The lake was formed in 1855 as the Milwaukee and Mississippi Railroad laid its tracks and then built a dam on Black Earth Creek to supply power for the Lynch and Walker Flouring Mill. In 1885, the village set up a municipally operated electric utility which made it possible for Mazomanie to have electric street lights before any of the surrounding villages, including Madison. The power grid also helped the local manufacturing industry, which then included two flour mills, a creamery, brewery and factories that produced reapers, fanning mills, cabinets, telephones and knitted goods.

According to report released in 2010 by the Nelson Institute for Environmental Studies at UW-Madison, the lake was regularly stocked with fish, beginning in 1876. The stockings through the years included 10,000 German carp in 1893, followed by 300,000 walleye in 1898. Bass were added in 1903 and 1908. In 1939, the lake was stocked with 10,000 bullhead fingerlings and declared a fish refuge.

In the early 1960s, what is now the state Department of Natural Resources tried to use the lake for fish rearing and ultimately created three distinct segments for raising different-size walleye, northern pike and muskie. But leaks that lowered lake levels forced the DNR to abandon the lake as a suitable rearing station. The agency sold the property to the village in 1983.

The current troubles began for the village in 2007, when the DNR found that the dam was structurally unsound. The village could have replaced or repaired the dam but instead chose, in 2010, to abandon the dam and redirect the creek, a $400,000 project that was covered by a grant from the state, Huebner said.

But with the creek no longer feeding the lake, the leaking became worse and the lake continued to lose water. The village tried compacting the lake bed’s soil and spent $204,000 to install a high-capacity well and pump to fill and maintain lake levels, but the efforts failed and the lake has been unusable.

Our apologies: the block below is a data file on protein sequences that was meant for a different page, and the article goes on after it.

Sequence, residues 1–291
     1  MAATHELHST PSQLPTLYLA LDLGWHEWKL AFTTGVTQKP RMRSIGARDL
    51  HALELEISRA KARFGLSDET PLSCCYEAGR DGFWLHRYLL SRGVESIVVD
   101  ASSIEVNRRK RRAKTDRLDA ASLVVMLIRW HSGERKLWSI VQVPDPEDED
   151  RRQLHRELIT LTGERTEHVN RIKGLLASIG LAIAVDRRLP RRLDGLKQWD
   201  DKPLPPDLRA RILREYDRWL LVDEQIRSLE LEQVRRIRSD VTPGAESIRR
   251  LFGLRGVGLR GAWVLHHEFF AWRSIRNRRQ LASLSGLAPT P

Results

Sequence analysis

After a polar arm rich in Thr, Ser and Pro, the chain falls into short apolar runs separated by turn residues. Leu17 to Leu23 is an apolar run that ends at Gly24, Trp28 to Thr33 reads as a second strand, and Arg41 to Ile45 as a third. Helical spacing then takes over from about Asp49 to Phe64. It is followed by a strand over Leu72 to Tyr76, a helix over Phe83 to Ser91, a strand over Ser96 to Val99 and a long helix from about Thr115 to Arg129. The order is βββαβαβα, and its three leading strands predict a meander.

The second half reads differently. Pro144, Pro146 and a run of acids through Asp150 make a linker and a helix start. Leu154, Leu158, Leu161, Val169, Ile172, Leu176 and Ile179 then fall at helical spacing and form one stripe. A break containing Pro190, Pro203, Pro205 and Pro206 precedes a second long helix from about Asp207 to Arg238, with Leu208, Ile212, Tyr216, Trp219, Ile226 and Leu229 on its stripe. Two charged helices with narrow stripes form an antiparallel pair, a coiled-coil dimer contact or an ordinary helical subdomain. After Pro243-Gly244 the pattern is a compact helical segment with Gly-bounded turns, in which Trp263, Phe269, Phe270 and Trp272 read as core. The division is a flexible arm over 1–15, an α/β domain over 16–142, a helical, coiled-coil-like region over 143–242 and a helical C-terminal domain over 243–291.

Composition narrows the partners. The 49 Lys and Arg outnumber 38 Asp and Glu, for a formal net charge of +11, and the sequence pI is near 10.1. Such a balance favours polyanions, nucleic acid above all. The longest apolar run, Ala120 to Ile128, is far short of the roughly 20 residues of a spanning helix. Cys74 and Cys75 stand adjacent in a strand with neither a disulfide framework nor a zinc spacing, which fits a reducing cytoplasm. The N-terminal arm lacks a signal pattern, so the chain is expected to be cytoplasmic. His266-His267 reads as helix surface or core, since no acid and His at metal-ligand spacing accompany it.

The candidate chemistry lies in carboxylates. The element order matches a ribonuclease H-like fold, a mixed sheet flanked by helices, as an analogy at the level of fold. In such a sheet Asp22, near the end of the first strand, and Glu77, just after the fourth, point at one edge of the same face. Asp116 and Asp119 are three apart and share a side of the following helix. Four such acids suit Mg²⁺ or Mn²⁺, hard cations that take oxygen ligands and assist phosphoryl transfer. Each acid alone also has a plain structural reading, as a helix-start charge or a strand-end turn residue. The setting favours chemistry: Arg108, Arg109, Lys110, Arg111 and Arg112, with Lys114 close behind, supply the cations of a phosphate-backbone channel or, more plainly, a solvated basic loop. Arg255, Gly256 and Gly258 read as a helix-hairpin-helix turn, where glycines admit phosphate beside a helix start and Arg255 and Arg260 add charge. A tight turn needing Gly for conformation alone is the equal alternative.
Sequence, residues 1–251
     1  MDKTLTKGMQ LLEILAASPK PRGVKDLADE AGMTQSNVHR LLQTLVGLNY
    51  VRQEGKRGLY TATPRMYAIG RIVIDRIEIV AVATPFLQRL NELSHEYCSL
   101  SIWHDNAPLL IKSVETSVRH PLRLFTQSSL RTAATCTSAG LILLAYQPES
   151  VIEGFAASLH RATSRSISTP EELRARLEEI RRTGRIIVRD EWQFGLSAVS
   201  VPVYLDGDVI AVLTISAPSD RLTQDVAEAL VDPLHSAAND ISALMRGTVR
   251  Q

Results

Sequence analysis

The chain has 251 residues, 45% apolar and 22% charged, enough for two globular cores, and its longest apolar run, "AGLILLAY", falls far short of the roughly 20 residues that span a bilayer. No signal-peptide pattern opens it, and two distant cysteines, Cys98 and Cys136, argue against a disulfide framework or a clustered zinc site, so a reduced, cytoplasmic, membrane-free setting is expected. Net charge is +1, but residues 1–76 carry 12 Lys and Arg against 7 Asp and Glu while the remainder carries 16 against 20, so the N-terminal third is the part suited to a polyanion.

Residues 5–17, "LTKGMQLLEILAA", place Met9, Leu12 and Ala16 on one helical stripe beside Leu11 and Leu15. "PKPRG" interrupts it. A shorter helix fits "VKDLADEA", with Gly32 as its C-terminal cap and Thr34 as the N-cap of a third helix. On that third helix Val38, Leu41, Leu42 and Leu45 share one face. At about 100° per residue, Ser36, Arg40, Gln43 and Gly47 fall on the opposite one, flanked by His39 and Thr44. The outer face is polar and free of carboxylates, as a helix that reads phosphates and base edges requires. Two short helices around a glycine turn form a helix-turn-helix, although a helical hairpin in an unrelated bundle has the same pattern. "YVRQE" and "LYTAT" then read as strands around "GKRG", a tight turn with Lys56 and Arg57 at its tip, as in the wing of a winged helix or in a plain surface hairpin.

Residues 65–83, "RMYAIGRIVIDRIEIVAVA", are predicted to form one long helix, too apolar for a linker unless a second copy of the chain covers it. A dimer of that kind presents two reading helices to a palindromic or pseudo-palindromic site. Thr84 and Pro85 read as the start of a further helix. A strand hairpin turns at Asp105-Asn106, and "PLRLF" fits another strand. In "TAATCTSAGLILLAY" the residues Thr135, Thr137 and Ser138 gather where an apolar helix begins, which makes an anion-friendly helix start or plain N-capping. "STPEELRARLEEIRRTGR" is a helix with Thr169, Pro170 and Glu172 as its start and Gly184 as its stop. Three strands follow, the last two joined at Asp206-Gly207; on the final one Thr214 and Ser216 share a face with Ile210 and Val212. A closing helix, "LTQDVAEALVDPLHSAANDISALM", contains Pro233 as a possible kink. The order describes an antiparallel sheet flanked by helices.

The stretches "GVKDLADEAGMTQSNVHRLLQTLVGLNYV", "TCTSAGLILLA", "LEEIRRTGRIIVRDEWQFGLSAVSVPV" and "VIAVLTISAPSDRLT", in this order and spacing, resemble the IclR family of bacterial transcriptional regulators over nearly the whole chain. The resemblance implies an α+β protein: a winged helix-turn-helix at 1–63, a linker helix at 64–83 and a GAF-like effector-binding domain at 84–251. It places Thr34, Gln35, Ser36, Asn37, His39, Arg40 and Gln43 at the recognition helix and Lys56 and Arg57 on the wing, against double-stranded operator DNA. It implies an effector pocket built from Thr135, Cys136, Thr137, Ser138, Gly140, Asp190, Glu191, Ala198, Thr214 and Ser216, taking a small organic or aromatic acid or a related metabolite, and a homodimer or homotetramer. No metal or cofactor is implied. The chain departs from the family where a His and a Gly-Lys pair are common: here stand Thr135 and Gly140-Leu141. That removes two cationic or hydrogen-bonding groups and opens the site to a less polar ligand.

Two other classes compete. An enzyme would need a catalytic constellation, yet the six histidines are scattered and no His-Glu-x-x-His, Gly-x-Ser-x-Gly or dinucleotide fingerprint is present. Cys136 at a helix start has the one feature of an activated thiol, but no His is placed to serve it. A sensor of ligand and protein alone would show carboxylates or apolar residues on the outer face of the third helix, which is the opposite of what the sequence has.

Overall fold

“If it rains, we might get a puddle in the lake,” Sue Dietzen, the clerk-treasurer for the village of 1,660 people, said last week.

The village tried to solicit bids in early 2017 to repair the lake’s soil liner, but only one bid, at over $700,000, was received. That was too steep for the village. The village rebid the project later that year. In January, it accepted a bid from Krause Excavating in Markesan.

“We have a lot of debt coming off of our books in 2019 so this will get added to it and the taxpayers will be paying the exact amount they were paying before for debt,” Huebner said. “That’s been the goal all along — not to impact the taxpayers.”

The project will use a liquid polymer emulsion from Seepage Control, an Arizona company that specializes in lake and pond repairs.

Once vegetation is scraped from the lake bed, the polymer, called ESS-13, will be mixed with the soil and compacted, creating a hard surface designed to prevent seepage. The product, according to the company, has been effective on small lakes, lagoons, storm-water-holding ponds, golf-course ponds, fish hatcheries and private water-ski lakes.

“While the product has not been used extensively in the Midwest, it has good success in the western U.S., as well as (in) several projects in the Chicago area,” Brian Berquist, president of Town & Country Engineering in Madison, wrote to the village in January.

Copyright 2019 The Associated Press. All rights reserved. This material may not be published, broadcast, rewritten, or redistributed.